US President Obama characterized foreign cyber-threats as a “national emergency”. During the State of the Union address, he said that “if the US government does not improve cyber defenses, we leave our nation and our economy vulnerable”.
The President and CEO of IDG Communications wrote an article about cybersecurity, stating “significant data breaches at Anthem, Sony, Home Depot, eBay, JPMorgan Chase, Target and many more have caused headline-grabbing business upheavals that worry customers, affect profit margins, and derail corporate careers”.
Cyber-threats or crimes can be orchestrated in various ways. Targets can be aimed at critical infrastructure, manufacturing, power grids, or water supplies. They could be aimed at disrupting the availability of websites and networks, or at stealing trade secrets and financial information. Others could be driven by espionage, vandalism, terrorism, sabotage, or any form of criminality. Activities of the US and British governments have focused on surveillance and hacking of telecommunications.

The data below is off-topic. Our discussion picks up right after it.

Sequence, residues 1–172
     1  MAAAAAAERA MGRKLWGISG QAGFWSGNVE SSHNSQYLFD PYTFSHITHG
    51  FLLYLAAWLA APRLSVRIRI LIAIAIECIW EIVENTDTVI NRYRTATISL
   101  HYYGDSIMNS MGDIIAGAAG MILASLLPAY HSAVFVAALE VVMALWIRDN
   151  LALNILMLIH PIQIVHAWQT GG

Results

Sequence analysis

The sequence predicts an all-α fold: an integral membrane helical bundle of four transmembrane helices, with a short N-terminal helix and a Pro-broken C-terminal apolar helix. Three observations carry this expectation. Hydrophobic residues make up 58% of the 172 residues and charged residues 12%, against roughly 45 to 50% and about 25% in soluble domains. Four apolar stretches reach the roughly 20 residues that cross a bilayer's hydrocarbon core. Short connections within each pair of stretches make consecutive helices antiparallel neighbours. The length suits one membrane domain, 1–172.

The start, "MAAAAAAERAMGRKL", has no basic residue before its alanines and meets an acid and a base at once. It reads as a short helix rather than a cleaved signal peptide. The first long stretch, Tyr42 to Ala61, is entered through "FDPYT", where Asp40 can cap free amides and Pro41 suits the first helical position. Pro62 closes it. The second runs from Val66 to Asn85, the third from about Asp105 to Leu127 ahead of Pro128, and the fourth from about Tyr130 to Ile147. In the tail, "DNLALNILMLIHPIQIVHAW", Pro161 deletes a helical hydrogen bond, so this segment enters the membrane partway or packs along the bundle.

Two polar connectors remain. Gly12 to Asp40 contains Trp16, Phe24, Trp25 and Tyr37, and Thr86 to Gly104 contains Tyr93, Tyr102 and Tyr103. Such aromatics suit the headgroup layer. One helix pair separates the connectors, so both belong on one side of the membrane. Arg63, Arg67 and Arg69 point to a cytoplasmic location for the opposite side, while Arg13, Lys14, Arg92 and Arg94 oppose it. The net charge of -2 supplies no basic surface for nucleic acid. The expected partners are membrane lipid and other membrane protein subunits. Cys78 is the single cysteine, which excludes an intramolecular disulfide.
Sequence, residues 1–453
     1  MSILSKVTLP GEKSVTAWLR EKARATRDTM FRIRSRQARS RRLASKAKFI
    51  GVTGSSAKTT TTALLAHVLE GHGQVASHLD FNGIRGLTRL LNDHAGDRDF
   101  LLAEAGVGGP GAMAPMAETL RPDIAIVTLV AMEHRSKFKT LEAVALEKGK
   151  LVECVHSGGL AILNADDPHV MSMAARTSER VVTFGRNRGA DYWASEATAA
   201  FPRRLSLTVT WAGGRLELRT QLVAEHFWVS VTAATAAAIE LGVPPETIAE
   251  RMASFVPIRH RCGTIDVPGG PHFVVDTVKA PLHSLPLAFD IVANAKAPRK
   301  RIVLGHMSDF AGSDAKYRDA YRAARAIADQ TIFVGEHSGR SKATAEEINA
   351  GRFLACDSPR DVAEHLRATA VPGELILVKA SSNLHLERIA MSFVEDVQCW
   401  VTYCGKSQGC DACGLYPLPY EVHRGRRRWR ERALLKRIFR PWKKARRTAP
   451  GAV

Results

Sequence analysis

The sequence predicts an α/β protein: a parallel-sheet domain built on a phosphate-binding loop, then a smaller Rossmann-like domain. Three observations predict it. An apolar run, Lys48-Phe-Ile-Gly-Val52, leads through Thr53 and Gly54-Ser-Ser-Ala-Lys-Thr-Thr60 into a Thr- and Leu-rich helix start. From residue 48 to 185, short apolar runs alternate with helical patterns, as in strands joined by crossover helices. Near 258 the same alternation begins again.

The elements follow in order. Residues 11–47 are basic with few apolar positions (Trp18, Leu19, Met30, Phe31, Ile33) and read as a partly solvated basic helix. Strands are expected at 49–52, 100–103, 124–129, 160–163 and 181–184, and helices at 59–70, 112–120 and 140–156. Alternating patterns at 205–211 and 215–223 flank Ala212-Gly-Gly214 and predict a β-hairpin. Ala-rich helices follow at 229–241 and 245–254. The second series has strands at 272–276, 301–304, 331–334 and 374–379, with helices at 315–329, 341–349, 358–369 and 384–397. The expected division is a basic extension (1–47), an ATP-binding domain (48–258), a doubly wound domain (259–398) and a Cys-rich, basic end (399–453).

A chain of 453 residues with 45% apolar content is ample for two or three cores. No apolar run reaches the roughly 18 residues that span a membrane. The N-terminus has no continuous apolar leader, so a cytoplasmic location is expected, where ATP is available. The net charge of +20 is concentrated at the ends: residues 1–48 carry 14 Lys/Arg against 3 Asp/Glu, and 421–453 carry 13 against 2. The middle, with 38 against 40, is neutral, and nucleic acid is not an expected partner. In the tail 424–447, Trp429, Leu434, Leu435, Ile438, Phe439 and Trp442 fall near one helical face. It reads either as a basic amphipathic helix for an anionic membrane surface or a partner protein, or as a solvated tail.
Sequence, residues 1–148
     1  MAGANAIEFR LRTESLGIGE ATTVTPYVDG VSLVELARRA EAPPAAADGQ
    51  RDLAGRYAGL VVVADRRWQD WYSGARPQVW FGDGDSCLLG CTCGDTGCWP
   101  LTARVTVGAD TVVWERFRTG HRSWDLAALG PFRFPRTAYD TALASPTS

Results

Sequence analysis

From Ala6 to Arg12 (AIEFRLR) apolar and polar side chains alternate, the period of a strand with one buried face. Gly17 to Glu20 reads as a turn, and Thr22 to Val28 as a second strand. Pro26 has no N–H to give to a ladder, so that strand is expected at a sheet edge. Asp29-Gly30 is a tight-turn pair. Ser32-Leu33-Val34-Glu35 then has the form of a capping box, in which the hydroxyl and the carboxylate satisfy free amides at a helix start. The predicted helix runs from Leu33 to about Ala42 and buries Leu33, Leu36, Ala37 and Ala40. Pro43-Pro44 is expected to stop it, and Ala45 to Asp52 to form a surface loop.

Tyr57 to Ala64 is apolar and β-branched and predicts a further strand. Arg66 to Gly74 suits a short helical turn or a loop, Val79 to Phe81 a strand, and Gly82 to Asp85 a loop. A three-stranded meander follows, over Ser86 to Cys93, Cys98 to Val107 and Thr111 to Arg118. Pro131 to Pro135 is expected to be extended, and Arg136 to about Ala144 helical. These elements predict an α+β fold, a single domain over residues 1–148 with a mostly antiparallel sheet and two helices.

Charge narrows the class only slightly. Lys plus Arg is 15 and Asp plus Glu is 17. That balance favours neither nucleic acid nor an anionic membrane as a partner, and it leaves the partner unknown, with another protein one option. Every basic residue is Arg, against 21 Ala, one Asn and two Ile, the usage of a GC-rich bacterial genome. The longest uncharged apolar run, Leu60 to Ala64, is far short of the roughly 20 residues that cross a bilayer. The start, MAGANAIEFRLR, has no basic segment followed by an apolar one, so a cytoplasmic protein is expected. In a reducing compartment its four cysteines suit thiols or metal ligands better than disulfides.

Warfare today (and in the future) is (and will be) fought differently.In the 1950’s with the creation of more destructive bombs and weaponry, the idea was ‘Mutually Assured Destruction’ (MAD).The movie War Games helped us learn that there are no winners. The warfare ideology today is ‘Multilateral Unconstrained Disruption’ (MUD). This unrestrictive warfare is meant to disrupt societal functioning; to ‘poison’ information to elevate distrust of all computer information.
from cyber war desk http://ift.tt/1HVpKnj